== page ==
Following Snakehips, the crowd made their way back to the Water Stage where everybody was already piled up to see the mastermind behind Neon Indian, Alan Palomo. All the band members were rocking white on white and Palomo even had on some dirty vintage Reeboks that greatly added to his aesthetic. Neon Indian played a lot of songs off their latest record Vega Intl. Night School: “Dear Skorpio Magazine,” “Annie,” “Street Level,” “61 Cygni Ave” and “C’est La Vie.” The crowd was rocking back and forth while singing along to the songs. Though most of the songs performed were newer, they did throw it back to the early years of Neon Indian that old-time fans much appreciated. “Deadbeat Summer” came on and it was probably one of the best songs they played; first off, the song was perfect for a summer festival and it excited the crowd even more since it’s from the band’s first record. A nearby fan said that Palomo was the ‘Ricky Martin of soul,’ a funny comment that is completely true. The fact that Palomo is somewhat of a smaller fella, he has so much power behind what he does; he is constantly full of energy playing on the synth and beating on the bongo drums while dancing around too. The funk from the different layers of synth was making the crowd wiggle around contagiously. Of course, Neon Indian closed out with a fan favorite, “Polish Girl.”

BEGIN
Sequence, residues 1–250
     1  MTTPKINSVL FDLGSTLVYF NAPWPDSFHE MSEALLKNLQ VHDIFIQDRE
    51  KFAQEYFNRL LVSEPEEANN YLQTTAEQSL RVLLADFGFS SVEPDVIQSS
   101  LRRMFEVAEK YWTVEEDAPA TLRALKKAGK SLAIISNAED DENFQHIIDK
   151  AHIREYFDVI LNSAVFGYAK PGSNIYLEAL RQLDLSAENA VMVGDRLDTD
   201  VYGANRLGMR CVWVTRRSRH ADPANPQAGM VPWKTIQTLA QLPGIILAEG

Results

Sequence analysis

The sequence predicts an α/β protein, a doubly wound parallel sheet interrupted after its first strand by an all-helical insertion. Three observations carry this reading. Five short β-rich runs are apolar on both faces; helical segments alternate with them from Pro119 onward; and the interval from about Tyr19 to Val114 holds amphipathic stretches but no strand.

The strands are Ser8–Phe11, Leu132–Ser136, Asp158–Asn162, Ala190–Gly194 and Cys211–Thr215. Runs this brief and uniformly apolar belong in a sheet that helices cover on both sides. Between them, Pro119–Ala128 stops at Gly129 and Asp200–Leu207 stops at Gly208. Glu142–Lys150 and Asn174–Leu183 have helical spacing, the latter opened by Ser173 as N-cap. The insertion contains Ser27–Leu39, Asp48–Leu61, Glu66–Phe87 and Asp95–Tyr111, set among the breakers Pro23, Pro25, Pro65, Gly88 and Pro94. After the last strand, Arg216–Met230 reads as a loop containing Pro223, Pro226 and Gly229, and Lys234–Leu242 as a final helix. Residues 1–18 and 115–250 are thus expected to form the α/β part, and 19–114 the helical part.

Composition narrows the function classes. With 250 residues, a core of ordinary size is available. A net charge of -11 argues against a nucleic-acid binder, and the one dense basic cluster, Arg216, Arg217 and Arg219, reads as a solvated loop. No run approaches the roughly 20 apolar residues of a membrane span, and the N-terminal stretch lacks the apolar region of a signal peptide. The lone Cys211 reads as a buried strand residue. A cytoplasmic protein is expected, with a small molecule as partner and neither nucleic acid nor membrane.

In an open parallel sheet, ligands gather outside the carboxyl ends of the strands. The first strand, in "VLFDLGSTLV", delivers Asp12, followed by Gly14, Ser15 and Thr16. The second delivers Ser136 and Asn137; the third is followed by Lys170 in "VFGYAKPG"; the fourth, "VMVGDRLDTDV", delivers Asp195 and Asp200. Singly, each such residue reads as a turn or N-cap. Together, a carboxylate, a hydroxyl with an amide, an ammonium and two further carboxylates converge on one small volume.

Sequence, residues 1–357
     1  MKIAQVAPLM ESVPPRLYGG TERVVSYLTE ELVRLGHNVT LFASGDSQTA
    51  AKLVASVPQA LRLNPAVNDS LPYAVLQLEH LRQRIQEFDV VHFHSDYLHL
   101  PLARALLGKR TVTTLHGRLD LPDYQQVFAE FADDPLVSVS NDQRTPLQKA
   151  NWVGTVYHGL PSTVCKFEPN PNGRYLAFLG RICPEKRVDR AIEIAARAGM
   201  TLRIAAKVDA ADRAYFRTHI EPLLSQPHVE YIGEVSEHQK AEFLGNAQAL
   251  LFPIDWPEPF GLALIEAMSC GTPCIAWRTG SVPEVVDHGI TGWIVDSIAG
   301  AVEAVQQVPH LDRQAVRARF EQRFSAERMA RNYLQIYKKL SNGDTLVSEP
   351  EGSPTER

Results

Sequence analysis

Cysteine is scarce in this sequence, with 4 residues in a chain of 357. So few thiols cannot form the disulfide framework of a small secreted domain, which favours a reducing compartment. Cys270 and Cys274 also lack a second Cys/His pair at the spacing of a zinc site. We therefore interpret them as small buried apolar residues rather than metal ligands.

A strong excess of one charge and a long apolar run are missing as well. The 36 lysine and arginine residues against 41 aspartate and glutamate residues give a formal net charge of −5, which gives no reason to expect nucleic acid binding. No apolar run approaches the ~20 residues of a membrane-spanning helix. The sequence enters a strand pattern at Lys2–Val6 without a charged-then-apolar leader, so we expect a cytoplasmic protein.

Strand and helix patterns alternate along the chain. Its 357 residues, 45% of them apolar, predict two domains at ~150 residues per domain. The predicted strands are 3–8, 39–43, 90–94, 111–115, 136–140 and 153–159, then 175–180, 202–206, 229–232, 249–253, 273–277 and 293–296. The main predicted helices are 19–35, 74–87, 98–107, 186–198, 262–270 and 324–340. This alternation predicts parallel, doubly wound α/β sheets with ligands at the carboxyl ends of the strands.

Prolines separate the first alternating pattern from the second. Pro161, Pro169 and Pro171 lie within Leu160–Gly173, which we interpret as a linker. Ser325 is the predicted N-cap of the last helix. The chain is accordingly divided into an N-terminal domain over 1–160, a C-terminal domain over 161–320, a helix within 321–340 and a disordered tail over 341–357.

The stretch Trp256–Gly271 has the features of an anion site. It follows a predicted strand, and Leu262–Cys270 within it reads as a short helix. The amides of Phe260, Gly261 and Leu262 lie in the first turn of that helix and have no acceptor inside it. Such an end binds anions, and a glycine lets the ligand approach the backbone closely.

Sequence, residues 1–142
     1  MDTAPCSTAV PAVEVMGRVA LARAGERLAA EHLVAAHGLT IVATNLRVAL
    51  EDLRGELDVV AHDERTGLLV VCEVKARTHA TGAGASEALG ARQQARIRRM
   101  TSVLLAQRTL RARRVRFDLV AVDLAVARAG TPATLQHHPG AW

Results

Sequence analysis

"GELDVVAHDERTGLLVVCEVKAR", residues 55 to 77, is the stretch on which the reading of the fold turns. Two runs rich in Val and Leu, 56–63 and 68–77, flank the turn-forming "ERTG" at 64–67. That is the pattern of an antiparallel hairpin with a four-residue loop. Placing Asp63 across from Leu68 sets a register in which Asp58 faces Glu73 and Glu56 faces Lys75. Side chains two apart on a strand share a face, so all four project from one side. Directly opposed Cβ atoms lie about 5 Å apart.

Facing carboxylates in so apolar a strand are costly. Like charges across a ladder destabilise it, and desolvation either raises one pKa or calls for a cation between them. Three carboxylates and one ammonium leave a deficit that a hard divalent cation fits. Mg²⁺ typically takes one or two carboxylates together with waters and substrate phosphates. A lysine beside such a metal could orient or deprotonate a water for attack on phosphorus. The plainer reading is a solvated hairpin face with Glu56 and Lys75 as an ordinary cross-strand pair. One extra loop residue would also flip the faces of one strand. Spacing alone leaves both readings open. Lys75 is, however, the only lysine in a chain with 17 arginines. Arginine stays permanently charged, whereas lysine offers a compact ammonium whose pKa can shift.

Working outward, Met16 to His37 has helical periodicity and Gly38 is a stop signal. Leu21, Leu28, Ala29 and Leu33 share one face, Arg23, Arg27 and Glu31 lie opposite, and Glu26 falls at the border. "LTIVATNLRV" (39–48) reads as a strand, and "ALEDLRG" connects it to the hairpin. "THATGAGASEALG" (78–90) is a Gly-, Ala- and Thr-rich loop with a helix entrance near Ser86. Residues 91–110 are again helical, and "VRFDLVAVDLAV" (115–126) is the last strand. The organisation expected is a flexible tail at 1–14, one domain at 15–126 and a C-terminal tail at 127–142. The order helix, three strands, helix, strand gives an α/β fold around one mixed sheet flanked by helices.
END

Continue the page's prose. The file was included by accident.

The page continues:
After the amazing set Neon Indian had put on, Mac Miller was up next at the Sun Stage. Before Mac even came out on stage he started off with Smash Mouth’s “All Star.” He was shouting, “Hey now, you’re a rockstar…,” and would get the crowd to sing the other parts of the song. Finally popping up on stage, he began with “Loud,” that got the crowd warmed up for the rest of his set. The sun was just going down and the weather was perfect to watch the crazy Macadelic. Mac had two members of his Most Dope family on stage with him: DJ Clockwork was behind Mac controlling the beats and Quentin Cuff was the hype-man running around on stage beside him. Ariana Grande didn’t make an appearance on stage, but she was seen dancing to her boyfriend’s songs on the side stage. Mac did a mixture of songs from throughout his career. Through the first part of his set, he mostly performed his hyped songs that got the crowd pulsing to every beat: “Insomniak,” “100 Grandkids,” “Diablo,” Breakin Laws” and “Making Movies.” Towards the end of the set, Mac slowed down to play some oldies and more romantic songs off his latest The Divine Feminine. “God Is Fair, Sexy Nasty” and “Stay” got the crowd in the feels by Mac switching from hyped to more sensual songs. Once the old fan-favorite “Best Day Ever” came on, happiness and calmness came over the crowd. He hyped the crowd up and got everyone singing once more before ending his set with “Donald Trump” and “Knock Knock.”